Starting June 8 and running until September 18, Traverse City Horse Shows (TCHS) will host 13 weeks of competitive “jumper, hunter and equitation competition” at Flintfields this summer. TCHS was one of the few local events that proceeded without significant interruption in both 2020 and 2021, with the caveat being that public spectators were not allowed to attend either year. But according to Lauren White, director of marketing for TCHS, the events will be open to the public once more this summer –without “any restrictions in regard to COVID.”

National Cherry Festival (July 2-9)

The National Cherry Festival canceled its 2020 celebration, but went forward with a scaled-down version of the festival in 2021. This year, Executive Director Kat Paye promises an event that looks a good deal more like the Cherry Festivals of old.

“We are back,” Paye tells The Ticker. “Every single event you saw in previous eras is back, minus one: The traditional cherry pit spit contest is not coming back this year. We are going to take another one-year hiatus on that event, and we'll look forward to it in 2023. But all the other events are back. Concerts, air shows, parades on Front Street: those were the three big ones that we pulled in 2021, and they’re all coming back.”

Highlights for this year’s festival include the return of the U.S. Navy Blue Angels on July 2-3, the reversion of the Cherry Royale parade to downtown (after last year’s “standing parade” alternative at Grand Traverse Resort), and an Open Space concert series featuring previously announced acts like Sheryl Crow, Dwight Yoakum, Collective Soul, Nelly, Jim Gaffigan, and Boyz II Men.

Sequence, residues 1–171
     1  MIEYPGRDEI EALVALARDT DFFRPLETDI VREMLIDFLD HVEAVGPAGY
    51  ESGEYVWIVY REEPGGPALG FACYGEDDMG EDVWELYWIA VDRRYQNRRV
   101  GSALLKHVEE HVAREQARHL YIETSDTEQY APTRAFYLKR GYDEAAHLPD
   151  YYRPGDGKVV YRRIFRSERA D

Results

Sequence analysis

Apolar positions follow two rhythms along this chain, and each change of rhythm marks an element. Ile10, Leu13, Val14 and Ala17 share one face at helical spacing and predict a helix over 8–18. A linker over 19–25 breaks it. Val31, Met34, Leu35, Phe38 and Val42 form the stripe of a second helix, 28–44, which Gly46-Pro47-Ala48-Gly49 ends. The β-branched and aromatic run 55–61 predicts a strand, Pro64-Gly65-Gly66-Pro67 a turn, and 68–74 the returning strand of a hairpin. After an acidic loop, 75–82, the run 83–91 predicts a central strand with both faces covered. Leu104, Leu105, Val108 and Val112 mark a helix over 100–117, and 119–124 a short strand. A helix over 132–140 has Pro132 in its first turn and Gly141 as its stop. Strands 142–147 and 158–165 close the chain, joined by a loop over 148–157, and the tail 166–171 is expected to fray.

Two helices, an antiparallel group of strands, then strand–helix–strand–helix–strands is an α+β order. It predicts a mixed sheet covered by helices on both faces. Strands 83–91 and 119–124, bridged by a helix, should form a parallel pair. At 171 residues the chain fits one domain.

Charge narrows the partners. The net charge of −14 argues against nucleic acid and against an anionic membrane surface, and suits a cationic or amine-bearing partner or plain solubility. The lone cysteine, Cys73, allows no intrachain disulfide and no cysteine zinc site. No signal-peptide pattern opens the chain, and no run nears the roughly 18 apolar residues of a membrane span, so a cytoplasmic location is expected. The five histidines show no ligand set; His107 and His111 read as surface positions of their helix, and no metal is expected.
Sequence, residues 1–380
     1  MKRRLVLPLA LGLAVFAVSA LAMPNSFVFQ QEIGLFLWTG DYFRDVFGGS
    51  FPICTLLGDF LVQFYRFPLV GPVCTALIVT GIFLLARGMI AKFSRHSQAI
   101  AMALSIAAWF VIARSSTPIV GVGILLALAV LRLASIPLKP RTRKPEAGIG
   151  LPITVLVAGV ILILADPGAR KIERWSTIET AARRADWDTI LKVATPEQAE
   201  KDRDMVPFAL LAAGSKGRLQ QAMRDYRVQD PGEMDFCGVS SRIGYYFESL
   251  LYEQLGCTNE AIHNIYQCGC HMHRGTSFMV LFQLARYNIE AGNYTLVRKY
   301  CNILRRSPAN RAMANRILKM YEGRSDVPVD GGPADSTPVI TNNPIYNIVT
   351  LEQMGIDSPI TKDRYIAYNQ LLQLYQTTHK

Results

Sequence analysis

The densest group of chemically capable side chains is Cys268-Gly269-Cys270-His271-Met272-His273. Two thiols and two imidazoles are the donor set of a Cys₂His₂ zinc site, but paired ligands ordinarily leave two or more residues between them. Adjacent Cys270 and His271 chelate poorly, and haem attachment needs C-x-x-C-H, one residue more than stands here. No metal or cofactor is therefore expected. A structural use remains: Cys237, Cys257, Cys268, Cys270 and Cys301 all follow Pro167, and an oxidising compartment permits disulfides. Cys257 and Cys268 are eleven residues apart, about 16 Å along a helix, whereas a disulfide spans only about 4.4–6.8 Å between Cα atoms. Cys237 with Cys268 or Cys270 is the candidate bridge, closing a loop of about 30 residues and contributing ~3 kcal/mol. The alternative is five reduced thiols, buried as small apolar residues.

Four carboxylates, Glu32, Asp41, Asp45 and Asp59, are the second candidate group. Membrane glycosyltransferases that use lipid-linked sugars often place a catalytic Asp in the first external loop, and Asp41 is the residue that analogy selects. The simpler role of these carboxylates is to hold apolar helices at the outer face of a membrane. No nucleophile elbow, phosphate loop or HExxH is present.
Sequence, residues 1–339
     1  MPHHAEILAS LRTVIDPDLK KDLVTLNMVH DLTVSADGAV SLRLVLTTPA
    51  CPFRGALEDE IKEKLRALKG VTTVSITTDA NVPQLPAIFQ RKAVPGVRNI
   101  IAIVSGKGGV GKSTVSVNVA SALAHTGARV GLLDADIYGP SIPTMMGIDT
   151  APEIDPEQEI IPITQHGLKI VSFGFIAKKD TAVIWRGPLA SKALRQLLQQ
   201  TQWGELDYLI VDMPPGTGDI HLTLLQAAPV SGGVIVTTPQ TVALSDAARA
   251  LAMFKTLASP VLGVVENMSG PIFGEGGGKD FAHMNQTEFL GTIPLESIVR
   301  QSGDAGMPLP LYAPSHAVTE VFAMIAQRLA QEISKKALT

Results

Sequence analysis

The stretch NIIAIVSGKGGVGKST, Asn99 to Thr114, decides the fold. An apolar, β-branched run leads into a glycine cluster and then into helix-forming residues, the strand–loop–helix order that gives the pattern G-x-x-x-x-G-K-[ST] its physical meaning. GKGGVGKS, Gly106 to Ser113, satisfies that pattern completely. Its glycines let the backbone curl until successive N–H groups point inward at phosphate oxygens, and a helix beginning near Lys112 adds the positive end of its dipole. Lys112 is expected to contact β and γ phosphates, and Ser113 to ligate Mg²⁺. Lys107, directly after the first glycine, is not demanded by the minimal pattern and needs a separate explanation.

Several pandemic-era changes will also remain in place, including the porch parade, virtual racing options for the Festival of Races, and the “a prince or princess lives year” yard sign program.

As for COVID safety protocols, Paye says that, as of now, the Cherry Festival isn’t planning any restrictions in terms of crowd sizes, masking, or vaccine requirements.

Traverse City Film Festival (July 26-31)

Traverse City Film Festival (TCFF) announced last month that it would return in July after a two-year hiatus, with a new festival director (Telluride Film Festival alum Johanna Evans) at the helm. TCFF Founder Michael Moore says that he and Evans will be working throughout May and June to finalize the film lineup and put together the team of 400 volunteers necessary to mount the event. Moore anticipates a tentative ticket on-sale date of July 10 for Friends of the Film Festival, with general public sales to follow a week later.

One key change at this year’s festival is a smaller lineup of films. “We’ve decided that instead of showing 100 films in these five days, let’s show 40-50,” Moore says. “So many of our showings sell out and people can’t get tickets. This year, at least half of our films will be shown three times each.”